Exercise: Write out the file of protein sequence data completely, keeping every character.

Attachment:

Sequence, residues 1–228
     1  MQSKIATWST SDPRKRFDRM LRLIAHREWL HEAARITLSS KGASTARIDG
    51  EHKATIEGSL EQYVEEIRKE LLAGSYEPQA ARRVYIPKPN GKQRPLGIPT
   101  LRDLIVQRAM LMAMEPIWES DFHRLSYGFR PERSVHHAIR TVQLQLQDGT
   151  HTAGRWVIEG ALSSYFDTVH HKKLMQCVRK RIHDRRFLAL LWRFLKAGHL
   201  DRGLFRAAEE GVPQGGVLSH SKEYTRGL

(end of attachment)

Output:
Sequence, residues 1–228
     1  MQSKIATWST SDPRKRFDRM LRLIAHREWL HEAARITLSS KGASTARIDG
    51  EHKATIEGSL EQYVEEIRKE LLAGSYEPQA ARRVYIPKPN GKQRPLGIPT
   101  LRDLIVQRAM LMAMEPIWES DFHRLSYGFR PERSVHHAIR TVQLQLQDGT
   151  HTAGRWVIEG ALSSYFDTVH HKKLMQCVRK RIHDRRFLAL LWRFLKAGHL
   201  DRGLFRAAEE GVPQGGVLSH SKEYTRGL